Honoring Professor Diane Gifford-Gonzalez

Erica Ayón, Class of 2014

Photo: Diane Gifford-GonzalezDiane Gifford-Gonzalez has a tremendous presence in the field of anthropology; her contributions to Zooarchaeology and African Archaeology are what inspired me to pursue a degree in anthropology. During my time as an undergraduate, I took as many classes as I was able to with Diane and it was a joy to be able to experience her extensive knowledge. She is Curator of Monterey Bay Archaeology archives, leading and contributing to various zooarchaeology committees, has authored dozens of publications and most recently became President of the Society for American Archaeology. Many anthropology students at UCSC and myself know Diane as all of the above as well as a professor and great mentor.

My first day in Diane’s Zooarchaeology class was an experience unlike any other first day of class I’ve had. Being a junior in her class and having had many “first days” in the quarter system, I had general expectations for the first day. She started off explaining course content, assignments, and proceeded to tell us that she was a very busy woman, but understood that students are just as busy. Diane then passed out a survey asking how we are doing, she told us to write down anything we wanted to tell her what kind of course-load we had planned, any particular family matters going on, or jobs we had. She offered to talk with us about the survey if we chose to do so. I paused before filling out the survey, feeling confused. In my three years as a student at UCSC, I had never been asked by a professor how I was doing. I was taken by surprise and ended up staring at the blank survey for a few minutes. Soon after, I realized what this survey truly meant. This professor wanted to get to know and understand her students. I felt like I could confide in her and wrote, “I am taking 17 units and working two jobs.” I know she understood we were busy, some of us struggling to pay for our education, yet passionate and excited to be in class. This wasn’t a class where the students remained anonymous; Diane was very active in making herself available to students. She always provided very detailed commentaries on our work, often several paragraphs explaining strengths and suggested improvements on our papers. Diane held students to high standards and believed in our potential to grow.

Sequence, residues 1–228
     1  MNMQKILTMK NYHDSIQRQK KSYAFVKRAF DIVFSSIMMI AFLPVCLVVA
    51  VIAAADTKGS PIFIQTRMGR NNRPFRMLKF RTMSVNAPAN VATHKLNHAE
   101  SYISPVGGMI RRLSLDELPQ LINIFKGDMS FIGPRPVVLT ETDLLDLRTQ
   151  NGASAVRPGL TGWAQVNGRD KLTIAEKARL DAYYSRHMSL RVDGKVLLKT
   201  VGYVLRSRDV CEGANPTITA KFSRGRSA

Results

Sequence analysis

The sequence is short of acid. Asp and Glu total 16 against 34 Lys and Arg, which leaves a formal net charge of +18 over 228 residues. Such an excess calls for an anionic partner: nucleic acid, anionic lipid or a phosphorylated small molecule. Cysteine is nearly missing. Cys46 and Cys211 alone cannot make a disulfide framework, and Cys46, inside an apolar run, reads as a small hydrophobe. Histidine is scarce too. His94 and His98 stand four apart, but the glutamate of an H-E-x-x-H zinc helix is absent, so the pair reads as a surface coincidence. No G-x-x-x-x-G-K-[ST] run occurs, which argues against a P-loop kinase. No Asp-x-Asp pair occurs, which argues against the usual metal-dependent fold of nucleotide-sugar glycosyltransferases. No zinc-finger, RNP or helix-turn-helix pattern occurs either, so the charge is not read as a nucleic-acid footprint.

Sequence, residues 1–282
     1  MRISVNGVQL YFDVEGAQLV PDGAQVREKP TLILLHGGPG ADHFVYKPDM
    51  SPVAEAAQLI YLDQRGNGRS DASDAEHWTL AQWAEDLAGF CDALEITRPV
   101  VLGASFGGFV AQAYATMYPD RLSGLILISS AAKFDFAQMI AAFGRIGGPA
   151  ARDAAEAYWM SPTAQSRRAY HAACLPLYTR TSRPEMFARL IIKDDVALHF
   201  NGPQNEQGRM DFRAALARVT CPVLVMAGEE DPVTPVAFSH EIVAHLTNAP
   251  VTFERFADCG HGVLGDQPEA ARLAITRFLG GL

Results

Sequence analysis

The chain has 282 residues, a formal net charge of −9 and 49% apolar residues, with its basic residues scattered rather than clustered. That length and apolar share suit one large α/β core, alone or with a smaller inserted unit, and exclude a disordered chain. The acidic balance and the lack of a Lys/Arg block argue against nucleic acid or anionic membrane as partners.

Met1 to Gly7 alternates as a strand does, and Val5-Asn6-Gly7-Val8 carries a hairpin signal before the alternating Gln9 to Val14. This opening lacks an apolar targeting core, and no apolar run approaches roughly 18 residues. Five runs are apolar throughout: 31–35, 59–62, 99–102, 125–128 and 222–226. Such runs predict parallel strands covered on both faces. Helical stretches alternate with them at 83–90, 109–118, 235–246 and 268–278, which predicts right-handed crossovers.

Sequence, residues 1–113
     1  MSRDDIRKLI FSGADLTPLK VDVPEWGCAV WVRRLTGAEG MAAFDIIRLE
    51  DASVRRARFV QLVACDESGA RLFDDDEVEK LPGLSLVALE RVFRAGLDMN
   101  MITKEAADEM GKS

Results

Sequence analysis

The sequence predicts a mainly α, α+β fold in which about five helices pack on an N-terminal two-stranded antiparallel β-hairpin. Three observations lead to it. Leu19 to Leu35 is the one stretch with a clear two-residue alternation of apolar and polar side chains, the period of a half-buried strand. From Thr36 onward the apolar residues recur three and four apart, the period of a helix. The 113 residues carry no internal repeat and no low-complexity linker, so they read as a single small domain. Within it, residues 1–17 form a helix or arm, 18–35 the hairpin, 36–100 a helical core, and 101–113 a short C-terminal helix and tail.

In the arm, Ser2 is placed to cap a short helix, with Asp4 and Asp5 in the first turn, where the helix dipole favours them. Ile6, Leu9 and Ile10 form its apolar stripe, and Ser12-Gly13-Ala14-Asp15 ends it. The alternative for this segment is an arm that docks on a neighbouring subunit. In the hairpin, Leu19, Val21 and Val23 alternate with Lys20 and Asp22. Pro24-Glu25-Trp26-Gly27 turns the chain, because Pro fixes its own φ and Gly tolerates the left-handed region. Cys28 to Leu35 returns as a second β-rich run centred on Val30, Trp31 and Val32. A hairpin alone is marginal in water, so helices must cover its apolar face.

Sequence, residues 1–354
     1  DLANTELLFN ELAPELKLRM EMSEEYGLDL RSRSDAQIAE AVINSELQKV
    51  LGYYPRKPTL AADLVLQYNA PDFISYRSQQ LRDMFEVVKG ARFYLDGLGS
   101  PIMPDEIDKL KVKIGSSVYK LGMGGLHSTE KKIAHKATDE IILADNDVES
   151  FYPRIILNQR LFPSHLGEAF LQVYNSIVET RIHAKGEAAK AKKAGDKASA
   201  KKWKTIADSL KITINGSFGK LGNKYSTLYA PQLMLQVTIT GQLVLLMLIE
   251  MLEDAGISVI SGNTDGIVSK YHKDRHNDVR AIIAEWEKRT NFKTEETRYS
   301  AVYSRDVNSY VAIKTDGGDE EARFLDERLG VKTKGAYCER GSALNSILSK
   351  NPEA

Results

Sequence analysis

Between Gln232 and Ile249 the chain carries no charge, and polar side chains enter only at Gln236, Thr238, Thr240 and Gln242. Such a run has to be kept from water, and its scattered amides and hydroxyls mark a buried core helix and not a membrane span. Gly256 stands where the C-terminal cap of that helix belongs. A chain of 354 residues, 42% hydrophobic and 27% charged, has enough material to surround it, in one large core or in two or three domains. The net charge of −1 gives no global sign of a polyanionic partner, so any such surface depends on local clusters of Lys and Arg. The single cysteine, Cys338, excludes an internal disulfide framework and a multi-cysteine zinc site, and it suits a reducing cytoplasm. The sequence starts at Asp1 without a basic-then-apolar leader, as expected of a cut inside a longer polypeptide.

My time in Diane’s Zooarchaeology course was a pivotal point in my undergraduate career; I fell in love with the breadth of information I learned from the archaeofaunal specimens we studied. When she announced that she was accepting interns for her Zooarchaeologyresearch lab, I jumped at the chance, very eager to learn more from Diane. The first impression I had of the research lab was that it was covered with bones, and that each of her computers had peculiar names. There was Binky, NSF Bob, iCloudeus, and Ovis (Latin genus for sheep). Though I shouldn’t have been surprised, as her quirky sense of humor also made its way into our lectures. “Yes, I’m as old as dirt,” she would say every time she mentioned the year her dissertation was published. Her jokes are often at her own expense or creative anthropological pun: which feel satisfyingly nerdy to giggle about in unison with her.